Bristol International Airport
UK’s fifth largest regional airport
UK’s fifth largest regional airport
Established on its current site in 1957, Bristol International Airport is the UK’s fifth largest regional airport with an annual throughput of six million passengers. The government’s most recent review of future air travel in the UK estimates a doubling of this number by 2030. The airport serves a catchment area covering 10 counties in the West of England and South Wales with over seven million people living within a two hour drive time. Seventeen airlines and 56 tour operators operate from Bristol International with flights direct to 120 destinations in 29 countries and an additional 450 destinations served via international connections.
Massive growth in air travel and competition
The massive growth in air travel, both for business and leisure, has seen passenger numbers at Bristol International more than quadruple in a decade. This growth, along with increasing competition in the air travel industry both between airlines and between airports, is putting pressure on all aspects of cost. Airlines demand fast turnround times for their aircraft and passengers expect high quality services, such as an efficient parking system. This puts pressure on Bristol airport to make the most effective use of the coaches that move passengers to and from aircraft and the buses that link car parks with the terminal building. The airport also has a strategic aim to significantly reduce the ‘carbon footprint’ resulting from its activities. Eliminating unnecessary idle running of these vehicles – and of its fire tenders – was also seen as making a valuable contribution to reducing harmful emission levels.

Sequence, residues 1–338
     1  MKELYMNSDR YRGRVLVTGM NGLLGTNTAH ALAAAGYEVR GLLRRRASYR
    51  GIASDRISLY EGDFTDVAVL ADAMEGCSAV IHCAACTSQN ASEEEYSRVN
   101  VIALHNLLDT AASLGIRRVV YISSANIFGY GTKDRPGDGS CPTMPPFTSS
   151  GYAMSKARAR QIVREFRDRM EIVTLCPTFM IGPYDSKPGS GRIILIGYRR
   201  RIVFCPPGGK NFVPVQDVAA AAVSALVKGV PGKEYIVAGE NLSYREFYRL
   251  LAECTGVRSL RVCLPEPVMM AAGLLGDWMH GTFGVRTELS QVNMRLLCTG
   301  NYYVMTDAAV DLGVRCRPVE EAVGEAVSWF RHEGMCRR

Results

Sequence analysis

21 vehicles transmit a range of information
The simple but highly effective solution provided by Webfleet Solutions involves the use of a LINK 300 fleet management device fitted into each vehicle. This interacts with TomTom WEBFLEET, a web-based software providing real-time monitoring of airport vehicle movements. Other vehicle information can be gathered and recorded by the web-based system from which valuable reports can be generated, enabling better control and management of vehicle utilisation.
A LINK 300 unit was fitted into each of 21 vehicles from which it transmits a range of information. This enables the airport to track the location and route taken by coaches carrying passengers to and from aircraft parked remotely from the terminal, of car park shuttle buses, and of its fire tenders. It also identifies periods of excessive idling of the engines of these vehicles allowing the driver to be informed and the engine cut.
The result is that the airport is able to refine the routes taken by the airside buses and reduce overall mileage. Eliminating unnecessary engine idling is leading to less fuel consumption – and therefore a lower fuel bill – as well as making a valuable contribution to a cleaner environment by cutting emission levels.
Significant cost savings and environmental benefits
Steve Webb, Motor Transport Manager at Bristol International Airport, said:
A major area of energy consumption is the diesel used by our vehicles on the ground. As well as the environmental benefits of reducing the amount of fuel we use, there are also significant cost savings – especially important in these days of high fuel costs!
Leaving the engine of a vehicle the size of an airport fire tender on idle for one hour each day – which can happen when, for example, a tender is on standby during a routine aircraft refueling – can cost up to £3,000 over the course of a year.
The airport has also been able to use the system to build a case for investment in a walkway to directly connect aircraft to the terminal building. Through TomTom WEBFLEET it has been able to capture and record valuable data on the number of vehicle movements and the time taken to load/unload an aircraft.